Just a collection of my thoughts or links to other thoughts on architecture and design.

Friday, May 9, 2008

ShowCase: sculp(IT) Live/Work

I don't think I could live with this much transparency.  Really a toilet in the bedroom?


From archinect:

ShowCase is a new feature on Archinect, presenting exciting new work from designers representing all creative fields and all geographies. We are accepting nominations for upcoming ShowCase features - if you would like to suggest a project, please send us a message.

It's like nothing ever happened. What do you do with a remnant space only 2.4 meters (7 feet 10 inches) wide? Search for ultimate living... image

The 7'10" wide building seen from the street. Photography by Luc Roymans.

Four wooden floors between two existing walls, hanging in a steel skeleton, organize this house: downstairs for work, dining on 1st, relaxing on 2nd, sleeping on 3rd, and on the roof, go and enjoy the view. The border to the outside is only glass. Transparency not only a necessity, but also a trump card. image

The 7'10" wide building seen from the street. Photography by Luc Roymans.


The 7'10" wide building seen from the street. Photography by Luc Roymans.

Where is the border of living if everything is visible? This articulated transparency displays every facet of living on each floor framed by the black window frameworks like a living painting and is also an intentional wink to a former trade in this neighborhood: prostitution. image

Street level: working. Photography by Luc Roymans.


1st level: eating. Photography by Luc Roymans.


2nd level: living. Photography by Luc Roymans.


3rd level: sleeping. Photography by Luc Roymans.


Roof level: (sun)bathing. Photography by Luc Roymans.

Restrictions of the available floor space (60m2 / 645 ft2) also shift the border between actually needed and pure luxury. Thus compromises with the available space are no option. Floor space is glorious but also not the most important determining factor of 'nice living'. Paying respect to these strong restrictions, gives pure luxury and freedom, a place in the city, comfort, and affordable space to live. image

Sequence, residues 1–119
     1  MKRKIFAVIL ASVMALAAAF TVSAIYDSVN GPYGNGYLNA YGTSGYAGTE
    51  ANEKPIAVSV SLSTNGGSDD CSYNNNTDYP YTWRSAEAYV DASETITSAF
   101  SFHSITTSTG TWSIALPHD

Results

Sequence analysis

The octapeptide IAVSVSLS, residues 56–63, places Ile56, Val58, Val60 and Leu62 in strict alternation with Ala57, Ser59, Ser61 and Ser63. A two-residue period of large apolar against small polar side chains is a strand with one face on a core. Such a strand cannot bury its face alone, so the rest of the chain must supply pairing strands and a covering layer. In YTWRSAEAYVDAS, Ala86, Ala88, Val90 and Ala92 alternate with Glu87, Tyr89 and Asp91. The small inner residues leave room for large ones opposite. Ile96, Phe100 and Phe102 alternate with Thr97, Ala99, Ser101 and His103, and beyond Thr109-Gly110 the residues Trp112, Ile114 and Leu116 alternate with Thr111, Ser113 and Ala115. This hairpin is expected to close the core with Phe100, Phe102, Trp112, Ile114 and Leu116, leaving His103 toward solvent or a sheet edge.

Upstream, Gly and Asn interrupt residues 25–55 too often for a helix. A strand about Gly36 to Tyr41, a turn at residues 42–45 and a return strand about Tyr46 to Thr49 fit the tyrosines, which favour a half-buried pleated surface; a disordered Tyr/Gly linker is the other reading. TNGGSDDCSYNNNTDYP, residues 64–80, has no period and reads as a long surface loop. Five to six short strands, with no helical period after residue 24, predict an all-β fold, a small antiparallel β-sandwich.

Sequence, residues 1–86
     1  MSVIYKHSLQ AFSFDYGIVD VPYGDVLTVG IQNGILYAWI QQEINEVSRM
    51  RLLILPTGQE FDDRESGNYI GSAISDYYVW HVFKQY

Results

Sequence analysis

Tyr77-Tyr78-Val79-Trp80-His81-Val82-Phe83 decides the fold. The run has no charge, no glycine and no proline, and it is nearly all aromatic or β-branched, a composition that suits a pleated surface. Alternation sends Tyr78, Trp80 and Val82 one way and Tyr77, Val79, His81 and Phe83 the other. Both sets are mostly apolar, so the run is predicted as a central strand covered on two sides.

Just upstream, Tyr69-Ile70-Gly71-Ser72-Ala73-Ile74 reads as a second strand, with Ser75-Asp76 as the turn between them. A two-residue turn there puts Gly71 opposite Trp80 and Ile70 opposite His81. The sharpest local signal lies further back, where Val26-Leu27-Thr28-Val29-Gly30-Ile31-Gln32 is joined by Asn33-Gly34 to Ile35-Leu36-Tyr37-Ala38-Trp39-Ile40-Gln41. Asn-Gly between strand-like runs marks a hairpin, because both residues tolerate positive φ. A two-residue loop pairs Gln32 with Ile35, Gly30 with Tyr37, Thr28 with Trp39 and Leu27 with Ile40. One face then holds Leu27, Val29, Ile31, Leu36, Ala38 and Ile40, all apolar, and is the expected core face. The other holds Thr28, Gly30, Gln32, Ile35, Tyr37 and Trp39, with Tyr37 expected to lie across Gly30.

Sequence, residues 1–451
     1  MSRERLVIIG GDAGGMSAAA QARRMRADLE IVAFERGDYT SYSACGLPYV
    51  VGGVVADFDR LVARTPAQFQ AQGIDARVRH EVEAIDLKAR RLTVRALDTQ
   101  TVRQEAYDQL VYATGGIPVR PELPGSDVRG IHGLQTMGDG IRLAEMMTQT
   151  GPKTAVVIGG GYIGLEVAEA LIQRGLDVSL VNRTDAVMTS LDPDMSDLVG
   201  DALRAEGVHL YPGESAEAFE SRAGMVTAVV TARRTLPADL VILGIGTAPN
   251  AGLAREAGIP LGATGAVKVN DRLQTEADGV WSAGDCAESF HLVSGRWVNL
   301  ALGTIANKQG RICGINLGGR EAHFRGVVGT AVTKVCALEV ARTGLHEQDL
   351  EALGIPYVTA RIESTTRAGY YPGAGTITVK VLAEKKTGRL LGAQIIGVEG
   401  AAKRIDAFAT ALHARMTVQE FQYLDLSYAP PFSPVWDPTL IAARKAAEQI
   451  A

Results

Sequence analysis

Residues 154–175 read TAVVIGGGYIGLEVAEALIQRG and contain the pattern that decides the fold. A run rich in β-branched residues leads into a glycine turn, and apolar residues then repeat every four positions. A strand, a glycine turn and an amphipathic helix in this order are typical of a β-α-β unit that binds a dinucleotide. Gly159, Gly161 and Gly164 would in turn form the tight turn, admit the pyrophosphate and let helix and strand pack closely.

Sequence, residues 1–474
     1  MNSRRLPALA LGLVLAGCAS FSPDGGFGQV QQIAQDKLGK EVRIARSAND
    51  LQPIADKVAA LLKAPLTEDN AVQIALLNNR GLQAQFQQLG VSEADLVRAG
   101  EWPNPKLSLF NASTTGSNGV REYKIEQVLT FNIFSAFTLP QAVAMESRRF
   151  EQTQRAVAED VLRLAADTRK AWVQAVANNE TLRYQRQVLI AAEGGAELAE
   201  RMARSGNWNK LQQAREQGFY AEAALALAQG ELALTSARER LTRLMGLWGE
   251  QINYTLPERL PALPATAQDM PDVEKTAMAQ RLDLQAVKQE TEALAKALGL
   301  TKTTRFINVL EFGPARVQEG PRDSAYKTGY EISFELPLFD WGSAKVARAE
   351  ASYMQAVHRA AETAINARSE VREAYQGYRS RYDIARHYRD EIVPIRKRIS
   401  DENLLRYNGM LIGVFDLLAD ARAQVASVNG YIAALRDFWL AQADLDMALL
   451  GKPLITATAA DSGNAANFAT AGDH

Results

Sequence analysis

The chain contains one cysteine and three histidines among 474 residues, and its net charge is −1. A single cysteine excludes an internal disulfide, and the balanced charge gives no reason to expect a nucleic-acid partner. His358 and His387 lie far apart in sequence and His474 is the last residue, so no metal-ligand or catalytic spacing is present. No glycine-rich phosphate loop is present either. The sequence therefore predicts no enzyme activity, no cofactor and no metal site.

Street front. Photography by Luc Roymans.


floor plans

Besides space, time was the other important limitation of this project. No sempiternal construction process but a sophisticated assembly guided by strict planning. The building was (except for the first floor) assembled completely 'dry'. A steel structure was placed between the existing walls in barely three weeks. Wooden floors, placed into the steel structure, formed the proposition for the next floor, one at a time. Finally, the staircase was inserted in one piece. Three black PE tubes, arranged vertically and horizontally and housed between double wooden floors, provide infrastructure for plumbing, heating and electricity. Due to this technical concept, the existing and permanently visible walls could remain intact. The chosen construction principles, venture, and a progressive attitude towards adaptation planning are an example of the efficiency of this house also. image

The kitchen as part of the lighting installation. Photography by Luc Roymans.


The staircase was inserted in one piece. Photography by Luc Roymans.

All fixtures were designed by the architects themselves as well and were – of course – adjusted to the narrow space of each floor. The transparency of each space had to be sustained. The fixtures were made of stainless steel.

imagesculp(IT) Pieter Peerlings & Silvia Mertens sculp(IT) is a young, progressive and complementary team of architects who apply their passion for architecture to every task given. sculp(IT) is based in Antwerp, Belgium and currently consists of Silvia Mertens, arch., and Pieter Peerlings, arch.

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